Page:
(NaturalNews) Besides testing the effectiveness of cancer treatments on the cancer, additional assessments are in place to ensure that the treatment design is effectively meeting the needs of the patients. A recent study that evaluated 155 clinic trial programs that are run and funded by the National Cancer Institute
found some concerning results.
Risks misunderstood and not avoided
Tobacco use remains one of the largest predictors for the development of cancers. While commonly viewed as a precursor to just lung cancer, the toxins that are found in cigarettes enter the bloodstream and spread throughout the body.
Tobacco use is known to disrupt the effectiveness of an array of different cancer treatments. When conducting an overview examination of the past and ongoing clinic trials for cancer treatments, researchers from the Department of Radiation Medicine at Roswell Park Cancer Institute
(RPCI) found that most of these studies not only included patients who used tobacco products, but only in rare circumstances was recorded for these patients.
They found that only 30 percent of the trials even asked about tobacco use at the beginning of assessment and enrollment in the study program. Despite the fact that the chemicals within cigarettes present a major barrier to treatment options, fewer than five percent of the trials looked into tobacco use again after the initial assessment, and none of them made attempts to provide those in treatment with support for quitting or decreasing use.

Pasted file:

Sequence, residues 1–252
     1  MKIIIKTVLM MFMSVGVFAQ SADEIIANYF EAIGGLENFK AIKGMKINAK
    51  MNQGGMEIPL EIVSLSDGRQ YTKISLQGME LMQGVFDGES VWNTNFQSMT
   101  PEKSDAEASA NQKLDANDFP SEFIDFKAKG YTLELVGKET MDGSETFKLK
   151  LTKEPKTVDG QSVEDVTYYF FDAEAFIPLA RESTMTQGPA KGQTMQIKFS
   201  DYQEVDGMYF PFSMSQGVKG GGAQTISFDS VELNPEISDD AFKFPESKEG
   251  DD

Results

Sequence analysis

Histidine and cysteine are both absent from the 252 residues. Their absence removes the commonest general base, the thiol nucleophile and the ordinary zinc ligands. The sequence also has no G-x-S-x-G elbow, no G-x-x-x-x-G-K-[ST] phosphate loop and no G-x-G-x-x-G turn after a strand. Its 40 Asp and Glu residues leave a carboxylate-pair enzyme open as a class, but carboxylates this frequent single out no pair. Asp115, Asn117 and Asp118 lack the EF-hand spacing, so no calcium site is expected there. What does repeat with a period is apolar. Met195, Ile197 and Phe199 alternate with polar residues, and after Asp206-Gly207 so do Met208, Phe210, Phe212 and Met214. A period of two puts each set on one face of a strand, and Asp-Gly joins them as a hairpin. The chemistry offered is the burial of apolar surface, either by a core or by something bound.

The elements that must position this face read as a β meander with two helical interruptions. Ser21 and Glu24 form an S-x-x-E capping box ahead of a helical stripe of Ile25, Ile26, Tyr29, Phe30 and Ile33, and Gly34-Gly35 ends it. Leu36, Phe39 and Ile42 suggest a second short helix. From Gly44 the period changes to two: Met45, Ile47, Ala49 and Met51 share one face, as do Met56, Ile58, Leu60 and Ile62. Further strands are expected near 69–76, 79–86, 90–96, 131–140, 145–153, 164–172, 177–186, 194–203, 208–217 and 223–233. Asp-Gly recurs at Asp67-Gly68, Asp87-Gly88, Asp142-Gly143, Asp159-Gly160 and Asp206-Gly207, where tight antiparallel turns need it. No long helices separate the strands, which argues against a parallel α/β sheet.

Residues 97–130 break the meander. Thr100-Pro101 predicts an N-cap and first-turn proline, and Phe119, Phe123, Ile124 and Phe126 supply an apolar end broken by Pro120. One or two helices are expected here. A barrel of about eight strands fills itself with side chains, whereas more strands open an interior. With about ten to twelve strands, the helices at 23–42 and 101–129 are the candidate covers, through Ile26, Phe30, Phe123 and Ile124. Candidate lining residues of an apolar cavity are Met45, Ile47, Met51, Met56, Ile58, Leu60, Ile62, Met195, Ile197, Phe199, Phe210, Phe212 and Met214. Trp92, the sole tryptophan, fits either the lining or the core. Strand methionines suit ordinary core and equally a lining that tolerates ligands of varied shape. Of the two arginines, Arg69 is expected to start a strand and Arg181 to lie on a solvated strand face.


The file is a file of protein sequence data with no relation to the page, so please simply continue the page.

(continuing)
Turning treatment against the patient
According to Dr. Graham Warren, who works at the Roswell Park Cancer Institute
, tobacco use increases the destructiveness of the treatment to the patient, making them both ineffective against the cancers, as well as more toxic to the patient. Even in the higher-end treatment programs, patients may still not be receiving the treatment and support they need to beat the disease.
While eliminating the use of tobacco
is pivotal to the health of the individual, not keeping records of which patients are using tobacco interferes with the accuracy of the trial's understanding of the efficacy of the various treatment options. Cancer treatment
is still a field that depends heavily on expanding the existing knowledge base in order to uncover potential for treatment options.
Dr. Roy Herbst, the chief of medical oncology at the Yale Cancer Center
says that because tobacco use has such a unilaterally negative effect on prognosis, it is imperative that treatment programs implement smoking cessation support programs and adequately educating patients about the associated risks.Sources for this article include:http://jco.ascopubs.org/content/early/2012/06/11/JCO.2011.40.8815http://www.roswellpark.orghttp://www.healthcanal.comAbout the author:
Willa is a health researcher who has been dedicated to promoting awareness of natural healing for over 10 years, with a keen interest in herbal medicines and natural parenting. Feel free to contact her with any questions or concerns.
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